Cisco may have designs on the data centre, but Brocade plans to use a power-saving message push into Cisco’s home ground
The network world may often be referred to as “Snow White and the Seven Dwarfs”, but Cisco is not the fairest of all, and could be about to bite a poisoned apple, according to Paul Phillips, head of sales for the UK at Brocade Communications.
While Cisco may stumble on a new attack on the data centre, Brocade will be using its recent purchase of Foundry Networks, and a recession-friendly sustainable IT message, to make a play for the network giant’s home territory – IP LANs.
Cisco is expected to launch blade servers on Monday, moving further into the data centre and wading into the already-fierce competition between IBM, HP, Dell, Sun and the rest: Phillips is not alone in thinking that this, along with other parts of Cisco’s strategy, might not be such a good idea.
Brocade’s opinion on the data centre is worth having. It claims a 75 percent share of the storage area network (SAN) market, where it and Cisco are the only remaining big players. With Brocade keeping abreast of faster Fibre channel speeds (up to 8Gbit/s now) that lead is even increasing, Phillips told eWEEK in London this week.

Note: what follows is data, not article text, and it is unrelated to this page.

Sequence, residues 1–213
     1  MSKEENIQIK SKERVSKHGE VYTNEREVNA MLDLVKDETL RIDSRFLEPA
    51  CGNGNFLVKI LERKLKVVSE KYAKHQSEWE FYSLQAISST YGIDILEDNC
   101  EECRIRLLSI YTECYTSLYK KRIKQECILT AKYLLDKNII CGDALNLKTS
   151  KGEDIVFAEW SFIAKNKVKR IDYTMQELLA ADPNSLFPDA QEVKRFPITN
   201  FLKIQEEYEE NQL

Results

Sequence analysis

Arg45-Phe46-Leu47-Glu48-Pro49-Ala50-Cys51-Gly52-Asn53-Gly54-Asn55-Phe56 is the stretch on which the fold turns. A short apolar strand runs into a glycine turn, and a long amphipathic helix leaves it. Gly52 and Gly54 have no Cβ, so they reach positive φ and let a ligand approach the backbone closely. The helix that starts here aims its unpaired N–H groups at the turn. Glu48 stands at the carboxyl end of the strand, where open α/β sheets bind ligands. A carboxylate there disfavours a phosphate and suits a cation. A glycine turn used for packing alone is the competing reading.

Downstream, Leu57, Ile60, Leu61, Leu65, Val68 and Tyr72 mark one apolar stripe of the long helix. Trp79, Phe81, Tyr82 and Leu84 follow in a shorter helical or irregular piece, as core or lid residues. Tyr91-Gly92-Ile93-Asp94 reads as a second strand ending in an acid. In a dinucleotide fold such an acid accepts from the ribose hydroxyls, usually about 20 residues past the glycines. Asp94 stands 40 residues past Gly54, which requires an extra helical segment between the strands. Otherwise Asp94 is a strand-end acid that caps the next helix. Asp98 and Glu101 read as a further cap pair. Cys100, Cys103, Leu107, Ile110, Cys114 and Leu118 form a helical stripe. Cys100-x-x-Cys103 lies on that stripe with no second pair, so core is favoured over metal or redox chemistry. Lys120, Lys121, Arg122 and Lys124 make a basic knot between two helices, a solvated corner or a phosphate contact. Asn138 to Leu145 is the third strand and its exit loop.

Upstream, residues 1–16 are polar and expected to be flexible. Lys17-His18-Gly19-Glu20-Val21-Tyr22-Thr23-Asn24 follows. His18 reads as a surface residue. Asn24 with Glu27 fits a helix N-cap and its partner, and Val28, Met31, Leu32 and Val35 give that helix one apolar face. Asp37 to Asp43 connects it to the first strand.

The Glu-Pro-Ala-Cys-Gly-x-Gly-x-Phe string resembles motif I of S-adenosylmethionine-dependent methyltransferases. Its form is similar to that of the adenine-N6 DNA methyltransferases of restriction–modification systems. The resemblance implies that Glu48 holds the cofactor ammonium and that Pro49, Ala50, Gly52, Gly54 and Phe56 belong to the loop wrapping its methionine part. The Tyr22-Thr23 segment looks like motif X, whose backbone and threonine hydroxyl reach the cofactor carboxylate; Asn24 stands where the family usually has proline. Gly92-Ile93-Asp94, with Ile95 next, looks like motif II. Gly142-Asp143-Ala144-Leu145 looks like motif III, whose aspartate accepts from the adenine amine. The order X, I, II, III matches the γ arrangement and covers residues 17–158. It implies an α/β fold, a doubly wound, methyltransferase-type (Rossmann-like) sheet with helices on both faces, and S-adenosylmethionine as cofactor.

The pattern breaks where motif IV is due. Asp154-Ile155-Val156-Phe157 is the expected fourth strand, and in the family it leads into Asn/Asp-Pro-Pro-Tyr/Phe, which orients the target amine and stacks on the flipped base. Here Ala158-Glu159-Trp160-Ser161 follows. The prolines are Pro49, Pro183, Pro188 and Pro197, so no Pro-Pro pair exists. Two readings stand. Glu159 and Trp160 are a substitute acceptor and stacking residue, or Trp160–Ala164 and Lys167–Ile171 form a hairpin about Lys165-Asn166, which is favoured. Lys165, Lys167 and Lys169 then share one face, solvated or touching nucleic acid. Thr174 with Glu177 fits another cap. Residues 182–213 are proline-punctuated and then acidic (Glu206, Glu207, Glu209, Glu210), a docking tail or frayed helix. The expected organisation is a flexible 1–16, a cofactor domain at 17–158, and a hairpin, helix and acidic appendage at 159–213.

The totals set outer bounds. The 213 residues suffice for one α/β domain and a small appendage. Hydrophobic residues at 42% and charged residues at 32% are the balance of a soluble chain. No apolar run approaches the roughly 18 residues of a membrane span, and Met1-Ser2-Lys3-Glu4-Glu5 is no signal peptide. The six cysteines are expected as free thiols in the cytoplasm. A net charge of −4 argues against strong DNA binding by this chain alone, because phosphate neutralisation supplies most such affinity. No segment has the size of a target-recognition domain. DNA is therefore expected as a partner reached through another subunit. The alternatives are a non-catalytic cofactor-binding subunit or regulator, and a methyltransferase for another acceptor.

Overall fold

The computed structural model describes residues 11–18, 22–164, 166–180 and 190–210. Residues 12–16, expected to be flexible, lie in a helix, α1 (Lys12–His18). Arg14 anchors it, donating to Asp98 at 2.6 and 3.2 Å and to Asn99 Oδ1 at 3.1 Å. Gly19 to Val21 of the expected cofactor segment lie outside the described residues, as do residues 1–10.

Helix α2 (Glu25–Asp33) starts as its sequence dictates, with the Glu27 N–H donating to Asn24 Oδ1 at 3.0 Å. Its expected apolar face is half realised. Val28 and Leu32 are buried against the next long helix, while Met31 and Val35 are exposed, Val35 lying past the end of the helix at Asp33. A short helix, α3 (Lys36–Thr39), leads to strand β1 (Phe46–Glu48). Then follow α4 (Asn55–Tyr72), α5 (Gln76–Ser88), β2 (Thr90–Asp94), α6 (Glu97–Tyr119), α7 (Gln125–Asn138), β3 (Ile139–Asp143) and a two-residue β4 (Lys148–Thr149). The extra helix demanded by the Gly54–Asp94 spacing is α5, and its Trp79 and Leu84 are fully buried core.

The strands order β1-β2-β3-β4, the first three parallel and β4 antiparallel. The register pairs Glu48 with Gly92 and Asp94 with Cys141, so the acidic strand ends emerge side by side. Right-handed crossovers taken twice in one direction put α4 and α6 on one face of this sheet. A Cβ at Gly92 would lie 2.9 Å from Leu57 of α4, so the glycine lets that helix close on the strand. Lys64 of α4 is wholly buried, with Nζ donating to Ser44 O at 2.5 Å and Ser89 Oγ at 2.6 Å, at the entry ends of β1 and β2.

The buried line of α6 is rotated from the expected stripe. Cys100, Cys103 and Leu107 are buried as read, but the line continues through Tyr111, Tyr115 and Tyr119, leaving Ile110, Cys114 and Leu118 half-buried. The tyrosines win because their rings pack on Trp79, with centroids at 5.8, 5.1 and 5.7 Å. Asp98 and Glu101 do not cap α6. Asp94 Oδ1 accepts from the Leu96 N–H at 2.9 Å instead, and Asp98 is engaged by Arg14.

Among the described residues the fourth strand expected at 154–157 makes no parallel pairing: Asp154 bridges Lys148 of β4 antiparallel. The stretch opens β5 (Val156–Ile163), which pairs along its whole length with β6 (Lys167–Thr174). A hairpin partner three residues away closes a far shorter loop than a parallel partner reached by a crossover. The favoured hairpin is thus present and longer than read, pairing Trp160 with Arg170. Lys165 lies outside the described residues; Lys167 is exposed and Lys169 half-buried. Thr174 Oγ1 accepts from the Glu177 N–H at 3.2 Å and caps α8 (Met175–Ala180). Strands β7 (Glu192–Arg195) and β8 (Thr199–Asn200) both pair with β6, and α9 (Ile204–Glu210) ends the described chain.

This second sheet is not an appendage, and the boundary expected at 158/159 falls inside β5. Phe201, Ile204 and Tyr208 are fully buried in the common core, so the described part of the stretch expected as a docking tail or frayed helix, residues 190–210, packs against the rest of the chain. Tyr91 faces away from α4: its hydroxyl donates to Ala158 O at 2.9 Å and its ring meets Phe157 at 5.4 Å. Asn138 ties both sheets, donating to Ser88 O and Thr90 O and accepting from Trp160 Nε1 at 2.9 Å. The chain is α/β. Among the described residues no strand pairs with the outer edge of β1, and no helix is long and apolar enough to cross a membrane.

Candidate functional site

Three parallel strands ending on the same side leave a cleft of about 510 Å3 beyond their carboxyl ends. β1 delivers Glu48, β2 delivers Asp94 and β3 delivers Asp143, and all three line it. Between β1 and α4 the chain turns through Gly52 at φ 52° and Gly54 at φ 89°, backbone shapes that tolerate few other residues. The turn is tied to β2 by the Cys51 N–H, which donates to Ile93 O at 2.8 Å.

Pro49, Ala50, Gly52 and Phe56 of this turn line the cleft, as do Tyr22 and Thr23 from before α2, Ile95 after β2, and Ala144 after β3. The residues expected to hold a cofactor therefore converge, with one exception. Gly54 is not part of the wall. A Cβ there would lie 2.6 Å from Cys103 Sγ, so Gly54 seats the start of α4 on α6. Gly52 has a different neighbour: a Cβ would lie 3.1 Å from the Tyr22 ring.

Phillips normally hesitates to mention the name “Cisco”, preferring “our competitor”, but he gets down to specifics readily enough with increased competition in the offing, slating the giant for hurting users with rip-and-replace upgrade policies (“they’re telling users to swap out their MDS and Catalyst 6500 switches”) and taxing resellers with narrow margins.
Whatever Cisco does with servers, Brocade is lining up to use its Foundry to move into Cisco’s home territory, pitching its offerings as “extraordinary” networks. “A just-alright network is no longer acceptable. It won’t cut it.”
“Network managers’ budgets are 20 to 40 percent down on last year,” he says, based on feedback from Brocade customers. Users are demanding a quicker return on investment – and taking six months longer to sign the deal.
In this situation, power consumption is a powerful weapon, he says, for Brocade’s SAN technology, and for Foundry switches (which are now rebranded as Brocade, but keep their old product names). “The Brocade ServerIron has sixteen 10Gig Ethernet ports and draws 1950Watts,” he says. “With Cisco, eight 10Gig ports will draw 2400W.” That’s better than half the power consumption, he says, and Cisco’s SAN switches can use ten times the power of Brocade equivalents.
In context, that won’t save the planet, he says, as the network probably consumes around five percent of the power used in a data centre – about sixty percent half goes on cooling, and servers use about 90 percent of the rest. But it counts: “One customer, NTT, has saved around $380,000 in five years, on power and cooling, by taking out ‘the competitor’ and putting in Foundry.”
He’s also keen to mention backward compatibility – or not requiring users to rip out and replace their network kit.